This study found that gaps in educational achievement between high- and low-income children are growing. According to the results, there is a negative, linear relationship between grades spent in economic disadvantage and eighth-grade test scores. This is not an exposure effect; the relationship is almost identical in third-grade, before children have been exposed to varying years of economic disadvantage. Survey data show that the number of years that a child will spend eligible for subsidized lunch is negatively correlated with her or his current household income. Years eligible for subsidized meals can therefore be used as a reasonable proxy for income. The implications of this study indicate a need for greater emphasis on program evaluations and to better target resources to help such students who are at-risk educationally.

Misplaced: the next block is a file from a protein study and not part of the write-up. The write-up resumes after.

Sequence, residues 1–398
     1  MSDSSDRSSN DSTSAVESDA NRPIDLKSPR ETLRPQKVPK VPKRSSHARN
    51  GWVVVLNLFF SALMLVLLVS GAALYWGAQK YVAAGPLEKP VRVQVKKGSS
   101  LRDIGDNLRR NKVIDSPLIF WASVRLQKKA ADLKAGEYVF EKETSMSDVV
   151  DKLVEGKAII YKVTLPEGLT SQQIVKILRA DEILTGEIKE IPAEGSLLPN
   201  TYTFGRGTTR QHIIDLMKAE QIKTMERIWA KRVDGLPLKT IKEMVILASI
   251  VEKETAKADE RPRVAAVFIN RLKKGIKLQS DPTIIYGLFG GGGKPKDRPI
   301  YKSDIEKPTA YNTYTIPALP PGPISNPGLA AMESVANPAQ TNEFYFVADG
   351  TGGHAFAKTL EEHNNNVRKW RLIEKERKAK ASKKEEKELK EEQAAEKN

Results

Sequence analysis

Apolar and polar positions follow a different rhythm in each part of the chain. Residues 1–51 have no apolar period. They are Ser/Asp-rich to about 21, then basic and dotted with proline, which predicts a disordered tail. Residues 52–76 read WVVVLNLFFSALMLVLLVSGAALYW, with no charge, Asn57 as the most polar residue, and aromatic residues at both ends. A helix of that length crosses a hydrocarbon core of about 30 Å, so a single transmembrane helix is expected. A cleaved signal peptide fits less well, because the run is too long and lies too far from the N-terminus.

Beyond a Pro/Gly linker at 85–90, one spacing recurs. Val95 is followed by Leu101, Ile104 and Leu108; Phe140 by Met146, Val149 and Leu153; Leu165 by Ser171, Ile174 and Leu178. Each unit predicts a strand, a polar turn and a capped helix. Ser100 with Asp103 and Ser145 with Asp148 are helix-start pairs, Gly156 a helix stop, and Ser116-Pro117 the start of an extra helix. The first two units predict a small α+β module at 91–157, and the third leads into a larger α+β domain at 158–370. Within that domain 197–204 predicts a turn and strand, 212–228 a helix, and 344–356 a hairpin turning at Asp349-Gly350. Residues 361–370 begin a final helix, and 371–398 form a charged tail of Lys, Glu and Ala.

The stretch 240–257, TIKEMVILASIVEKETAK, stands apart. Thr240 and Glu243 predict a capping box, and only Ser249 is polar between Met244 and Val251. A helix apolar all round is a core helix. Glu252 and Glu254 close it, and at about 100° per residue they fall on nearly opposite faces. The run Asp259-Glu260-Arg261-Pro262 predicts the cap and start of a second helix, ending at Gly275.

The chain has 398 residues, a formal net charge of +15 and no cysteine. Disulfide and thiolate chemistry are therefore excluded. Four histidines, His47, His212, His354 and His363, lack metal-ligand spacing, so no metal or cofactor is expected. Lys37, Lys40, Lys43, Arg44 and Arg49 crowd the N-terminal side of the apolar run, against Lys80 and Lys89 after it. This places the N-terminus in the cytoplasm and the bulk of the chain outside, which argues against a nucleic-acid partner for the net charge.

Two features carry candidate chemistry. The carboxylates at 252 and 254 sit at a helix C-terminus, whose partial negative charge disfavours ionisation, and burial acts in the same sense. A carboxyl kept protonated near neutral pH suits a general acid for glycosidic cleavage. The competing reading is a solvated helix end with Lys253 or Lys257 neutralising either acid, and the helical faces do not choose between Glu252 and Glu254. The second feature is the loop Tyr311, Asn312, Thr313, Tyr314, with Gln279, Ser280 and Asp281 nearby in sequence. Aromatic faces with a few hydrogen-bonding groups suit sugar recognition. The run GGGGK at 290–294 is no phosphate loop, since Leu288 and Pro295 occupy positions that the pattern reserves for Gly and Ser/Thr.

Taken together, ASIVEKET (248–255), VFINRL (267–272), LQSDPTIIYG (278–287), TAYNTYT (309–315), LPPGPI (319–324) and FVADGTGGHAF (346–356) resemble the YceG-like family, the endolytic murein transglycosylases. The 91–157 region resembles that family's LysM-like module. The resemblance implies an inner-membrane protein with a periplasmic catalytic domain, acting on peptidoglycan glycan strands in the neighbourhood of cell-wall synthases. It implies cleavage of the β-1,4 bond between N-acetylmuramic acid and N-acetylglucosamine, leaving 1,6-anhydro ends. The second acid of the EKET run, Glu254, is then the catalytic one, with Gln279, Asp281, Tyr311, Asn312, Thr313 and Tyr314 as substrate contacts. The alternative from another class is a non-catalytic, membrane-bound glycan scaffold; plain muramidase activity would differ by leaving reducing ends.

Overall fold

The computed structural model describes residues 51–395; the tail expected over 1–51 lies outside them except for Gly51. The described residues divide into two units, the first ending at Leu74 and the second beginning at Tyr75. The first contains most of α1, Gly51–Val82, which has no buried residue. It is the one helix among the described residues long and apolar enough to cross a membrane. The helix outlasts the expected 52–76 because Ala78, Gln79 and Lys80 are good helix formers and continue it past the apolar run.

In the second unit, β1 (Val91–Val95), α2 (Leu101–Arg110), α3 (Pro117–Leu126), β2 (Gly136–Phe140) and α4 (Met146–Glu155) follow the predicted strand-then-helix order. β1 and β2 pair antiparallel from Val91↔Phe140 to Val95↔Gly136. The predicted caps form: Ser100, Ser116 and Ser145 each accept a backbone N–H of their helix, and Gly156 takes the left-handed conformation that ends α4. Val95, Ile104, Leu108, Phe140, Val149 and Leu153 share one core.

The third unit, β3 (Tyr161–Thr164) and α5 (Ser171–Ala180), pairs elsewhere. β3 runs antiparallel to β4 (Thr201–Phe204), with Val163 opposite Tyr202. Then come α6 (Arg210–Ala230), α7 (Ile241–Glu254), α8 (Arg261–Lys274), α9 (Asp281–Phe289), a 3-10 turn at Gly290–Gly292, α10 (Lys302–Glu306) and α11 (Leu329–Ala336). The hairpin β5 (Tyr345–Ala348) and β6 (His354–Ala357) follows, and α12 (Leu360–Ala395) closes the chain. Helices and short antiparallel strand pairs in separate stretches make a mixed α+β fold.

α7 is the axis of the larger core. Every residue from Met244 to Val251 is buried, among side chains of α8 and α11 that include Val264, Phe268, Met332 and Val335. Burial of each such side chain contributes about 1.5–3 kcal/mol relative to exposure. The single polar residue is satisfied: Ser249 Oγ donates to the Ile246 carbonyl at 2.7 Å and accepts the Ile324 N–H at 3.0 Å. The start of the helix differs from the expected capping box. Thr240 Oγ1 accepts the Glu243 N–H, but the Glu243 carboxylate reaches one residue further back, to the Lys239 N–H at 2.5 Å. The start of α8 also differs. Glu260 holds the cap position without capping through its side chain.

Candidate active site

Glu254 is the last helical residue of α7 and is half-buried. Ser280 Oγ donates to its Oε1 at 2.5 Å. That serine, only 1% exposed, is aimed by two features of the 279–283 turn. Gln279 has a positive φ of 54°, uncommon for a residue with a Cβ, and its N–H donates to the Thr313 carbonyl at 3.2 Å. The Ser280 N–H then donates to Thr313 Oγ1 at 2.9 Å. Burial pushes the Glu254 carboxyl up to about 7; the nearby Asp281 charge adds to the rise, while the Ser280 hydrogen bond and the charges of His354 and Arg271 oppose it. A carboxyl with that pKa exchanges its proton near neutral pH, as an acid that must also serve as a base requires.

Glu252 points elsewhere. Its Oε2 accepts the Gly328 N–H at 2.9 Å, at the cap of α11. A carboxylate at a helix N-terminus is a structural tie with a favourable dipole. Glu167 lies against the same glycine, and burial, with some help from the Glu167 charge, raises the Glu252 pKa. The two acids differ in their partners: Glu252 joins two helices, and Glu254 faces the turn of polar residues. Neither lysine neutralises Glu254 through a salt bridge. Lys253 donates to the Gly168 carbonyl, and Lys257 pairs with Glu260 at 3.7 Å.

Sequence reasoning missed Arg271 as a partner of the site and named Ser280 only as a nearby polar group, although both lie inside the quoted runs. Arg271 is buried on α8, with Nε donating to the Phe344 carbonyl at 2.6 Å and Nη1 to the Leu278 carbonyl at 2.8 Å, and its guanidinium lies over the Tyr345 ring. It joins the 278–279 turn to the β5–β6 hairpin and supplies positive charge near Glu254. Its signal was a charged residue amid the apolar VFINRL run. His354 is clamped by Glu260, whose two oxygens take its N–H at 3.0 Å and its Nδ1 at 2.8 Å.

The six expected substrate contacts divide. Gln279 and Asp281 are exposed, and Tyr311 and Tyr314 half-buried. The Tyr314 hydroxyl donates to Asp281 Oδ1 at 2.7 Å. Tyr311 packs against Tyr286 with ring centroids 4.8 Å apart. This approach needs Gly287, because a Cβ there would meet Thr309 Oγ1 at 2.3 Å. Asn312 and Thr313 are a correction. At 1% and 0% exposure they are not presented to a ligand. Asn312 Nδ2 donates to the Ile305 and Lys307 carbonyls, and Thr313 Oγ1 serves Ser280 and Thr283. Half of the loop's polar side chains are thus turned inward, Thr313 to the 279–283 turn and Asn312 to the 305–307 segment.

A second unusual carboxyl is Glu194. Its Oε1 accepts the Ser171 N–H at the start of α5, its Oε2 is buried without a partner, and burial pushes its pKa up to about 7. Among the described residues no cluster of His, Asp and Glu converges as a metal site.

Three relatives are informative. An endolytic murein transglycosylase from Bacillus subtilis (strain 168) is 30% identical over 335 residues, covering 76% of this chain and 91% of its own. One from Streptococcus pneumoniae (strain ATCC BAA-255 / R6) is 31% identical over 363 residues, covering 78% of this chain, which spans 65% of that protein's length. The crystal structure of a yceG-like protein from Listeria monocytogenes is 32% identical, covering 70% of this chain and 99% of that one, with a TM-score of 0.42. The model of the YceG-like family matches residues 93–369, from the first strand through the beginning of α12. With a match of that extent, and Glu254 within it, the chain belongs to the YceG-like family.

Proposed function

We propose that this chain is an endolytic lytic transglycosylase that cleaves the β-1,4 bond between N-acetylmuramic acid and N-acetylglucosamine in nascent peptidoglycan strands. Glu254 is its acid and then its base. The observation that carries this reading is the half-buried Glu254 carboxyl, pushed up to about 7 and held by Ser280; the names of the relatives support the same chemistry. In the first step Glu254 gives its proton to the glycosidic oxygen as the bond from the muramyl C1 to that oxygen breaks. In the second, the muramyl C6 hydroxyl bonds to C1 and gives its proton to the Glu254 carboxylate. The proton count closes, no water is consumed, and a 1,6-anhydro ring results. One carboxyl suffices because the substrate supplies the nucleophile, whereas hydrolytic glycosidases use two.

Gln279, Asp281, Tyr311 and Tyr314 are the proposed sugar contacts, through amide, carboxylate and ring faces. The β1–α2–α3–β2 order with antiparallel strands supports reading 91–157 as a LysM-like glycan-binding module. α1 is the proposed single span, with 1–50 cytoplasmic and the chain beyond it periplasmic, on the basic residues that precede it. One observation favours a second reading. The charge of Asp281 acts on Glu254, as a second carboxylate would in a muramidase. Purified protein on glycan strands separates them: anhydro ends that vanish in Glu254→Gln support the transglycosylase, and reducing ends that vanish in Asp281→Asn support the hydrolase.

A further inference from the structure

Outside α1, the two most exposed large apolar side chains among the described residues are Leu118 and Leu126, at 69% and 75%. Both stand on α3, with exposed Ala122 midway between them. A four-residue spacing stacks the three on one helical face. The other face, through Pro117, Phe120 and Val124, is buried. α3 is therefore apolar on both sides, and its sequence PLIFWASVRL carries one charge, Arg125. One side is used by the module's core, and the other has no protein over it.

Michaelmore, K., & Dynarski, S. (2017). The gap within the gap: Using longitudinal data to understand income differences in educational outcomes. AERA Open, 3(1), 1-18.